The future of higher education can be decided in the courtroom. New lawsuits — some of which could reach the Supreme Court — are poised to fundamentally reshape higher education by questioning everything from how colleges investigate sexual misconduct to whether they are doing enough to protect students on campus. Together, they tackle topics related to university and sports teams. Athletics budgets have been cut in recent years, coupled with the issue of equal opportunities for all genders, making it difficult to determine exactly what equality looks like from a legal perspective. In this episode of Law, John is joined by American lawyer and academic administrator Michael K. Young and Quinn Emanuel`s Los Angeles office partner, former ambassador Crystal Nix-Hines. Together, they discuss legal issues surrounding higher education. John Wesley Lowery: So contracts are important to everybody. They are particularly important for private institutions. And I think we rightly spend a lot of time on tort issues, both tort and liability for us as individuals and our institutions. These are often the cases that make headlines when you see these massive results for institutions from the start. So I, and for us, more often than not, where we look are cases that involve allegations of negligence or defamation. And then the last area I want to highlight is the courts, and the courts in part of their role is to interpret all the things that I have justified.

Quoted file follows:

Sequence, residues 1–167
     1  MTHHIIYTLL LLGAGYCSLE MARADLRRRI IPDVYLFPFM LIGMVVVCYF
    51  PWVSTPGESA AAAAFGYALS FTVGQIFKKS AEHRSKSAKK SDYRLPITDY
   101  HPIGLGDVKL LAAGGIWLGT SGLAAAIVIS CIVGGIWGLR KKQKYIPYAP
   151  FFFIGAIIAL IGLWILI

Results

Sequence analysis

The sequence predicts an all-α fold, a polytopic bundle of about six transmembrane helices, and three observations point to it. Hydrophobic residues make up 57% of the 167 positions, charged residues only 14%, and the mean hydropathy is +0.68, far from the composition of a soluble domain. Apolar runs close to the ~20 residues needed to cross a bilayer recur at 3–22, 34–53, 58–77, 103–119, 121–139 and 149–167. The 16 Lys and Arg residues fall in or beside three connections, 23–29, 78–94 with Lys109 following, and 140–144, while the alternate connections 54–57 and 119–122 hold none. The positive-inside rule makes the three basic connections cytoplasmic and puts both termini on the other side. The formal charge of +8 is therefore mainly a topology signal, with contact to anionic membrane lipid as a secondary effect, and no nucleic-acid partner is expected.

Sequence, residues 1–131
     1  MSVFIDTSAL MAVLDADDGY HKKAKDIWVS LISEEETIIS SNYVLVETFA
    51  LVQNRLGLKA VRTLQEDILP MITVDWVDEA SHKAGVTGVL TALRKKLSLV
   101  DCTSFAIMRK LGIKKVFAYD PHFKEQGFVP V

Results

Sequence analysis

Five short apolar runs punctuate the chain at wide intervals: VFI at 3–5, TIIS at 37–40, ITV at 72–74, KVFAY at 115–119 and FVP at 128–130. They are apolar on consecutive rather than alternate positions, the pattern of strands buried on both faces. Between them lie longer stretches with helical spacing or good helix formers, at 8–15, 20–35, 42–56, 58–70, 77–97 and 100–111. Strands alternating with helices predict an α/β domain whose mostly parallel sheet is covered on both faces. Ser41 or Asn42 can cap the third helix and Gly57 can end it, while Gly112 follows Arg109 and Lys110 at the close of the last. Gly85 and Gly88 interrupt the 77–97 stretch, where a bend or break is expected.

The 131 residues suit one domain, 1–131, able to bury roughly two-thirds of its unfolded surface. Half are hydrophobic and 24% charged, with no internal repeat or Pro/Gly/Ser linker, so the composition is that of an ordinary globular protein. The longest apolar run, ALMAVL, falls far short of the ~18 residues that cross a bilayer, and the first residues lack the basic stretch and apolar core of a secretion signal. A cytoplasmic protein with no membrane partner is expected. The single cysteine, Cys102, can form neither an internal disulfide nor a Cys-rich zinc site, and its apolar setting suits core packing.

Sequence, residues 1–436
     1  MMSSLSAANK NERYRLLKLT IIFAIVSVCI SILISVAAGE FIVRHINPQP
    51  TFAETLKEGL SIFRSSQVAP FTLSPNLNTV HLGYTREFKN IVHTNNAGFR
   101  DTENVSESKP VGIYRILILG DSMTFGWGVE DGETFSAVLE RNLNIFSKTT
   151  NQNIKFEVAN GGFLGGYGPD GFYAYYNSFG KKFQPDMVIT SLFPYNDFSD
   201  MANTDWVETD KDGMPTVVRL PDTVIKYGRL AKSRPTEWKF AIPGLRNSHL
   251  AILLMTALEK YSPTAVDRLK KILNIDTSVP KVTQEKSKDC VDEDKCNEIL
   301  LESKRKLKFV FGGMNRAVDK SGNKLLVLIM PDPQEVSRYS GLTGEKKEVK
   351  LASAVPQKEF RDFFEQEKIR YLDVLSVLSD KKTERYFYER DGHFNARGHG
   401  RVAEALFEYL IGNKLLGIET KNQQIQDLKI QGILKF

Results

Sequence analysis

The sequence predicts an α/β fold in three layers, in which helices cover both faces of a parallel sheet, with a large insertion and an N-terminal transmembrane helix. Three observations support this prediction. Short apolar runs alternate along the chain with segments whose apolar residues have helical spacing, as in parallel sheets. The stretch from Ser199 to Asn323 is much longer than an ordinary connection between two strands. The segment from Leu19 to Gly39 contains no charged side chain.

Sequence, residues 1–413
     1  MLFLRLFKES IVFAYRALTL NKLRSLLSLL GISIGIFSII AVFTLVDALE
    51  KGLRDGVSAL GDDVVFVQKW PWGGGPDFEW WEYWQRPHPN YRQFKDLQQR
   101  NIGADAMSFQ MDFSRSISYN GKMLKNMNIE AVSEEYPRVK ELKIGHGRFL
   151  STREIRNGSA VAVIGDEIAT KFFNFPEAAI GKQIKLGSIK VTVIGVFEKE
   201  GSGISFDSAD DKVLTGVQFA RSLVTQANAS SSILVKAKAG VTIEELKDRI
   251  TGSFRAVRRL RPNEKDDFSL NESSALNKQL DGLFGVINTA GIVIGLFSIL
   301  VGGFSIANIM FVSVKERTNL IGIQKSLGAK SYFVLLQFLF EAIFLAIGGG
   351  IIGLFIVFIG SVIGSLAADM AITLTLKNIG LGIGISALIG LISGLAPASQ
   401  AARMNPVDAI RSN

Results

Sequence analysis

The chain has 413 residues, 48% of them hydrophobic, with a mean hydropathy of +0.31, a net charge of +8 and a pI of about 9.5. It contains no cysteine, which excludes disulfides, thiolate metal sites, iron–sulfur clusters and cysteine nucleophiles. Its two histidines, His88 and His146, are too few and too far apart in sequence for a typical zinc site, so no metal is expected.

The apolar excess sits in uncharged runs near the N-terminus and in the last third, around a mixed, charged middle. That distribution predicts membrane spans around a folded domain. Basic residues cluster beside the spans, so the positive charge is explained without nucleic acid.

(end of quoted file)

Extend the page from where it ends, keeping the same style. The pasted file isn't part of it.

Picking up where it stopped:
And I think, especially with those who don`t have a solid background in legal matters, one of the things you have to understand is who turns their backs on this idea of control, is it a court that has rendered a judgment that really has jurisdiction over you? For higher education professionals, learning to anticipate, identify and minimize legal risks and threats is an essential skill. Jessica Salazar has worked in higher education law for 15 years in a variety of capacities. During this time, she provided legal support as in-house counsel at the University of Colorado, Colorado State University, and the Colorado School of Mines. Jessica also served as Assistant Attorney General in the Colorado Attorney General`s Office in the Education Unit and the Higher Education Unit before being promoted to the first Assistant Attorney General in the Higher Education Unit. In this role, she led a team of lawyers responsible for providing legal advice to Colorado public colleges. Jessica recently joined the Colorado School of Mines as an Assistant General Counsel. Jessica is a first-generation student with a bachelor`s degree in psychology from Colorado State University, a master`s degree in student business in higher education from Colorado State University, and her J.D. from the University of Colorado School of Law. In 2015, deaf advocates filed a federal lawsuit against a prestigious Ivy League university, claiming the institution did not provide captions in its lectures, courses, podcasts, and other online educational materials. Last year, the university reached a settlement and agreed to pay legal fees totaling more than $1.5 million and take steps to improve the accessibility of content published on its official website and related media platforms.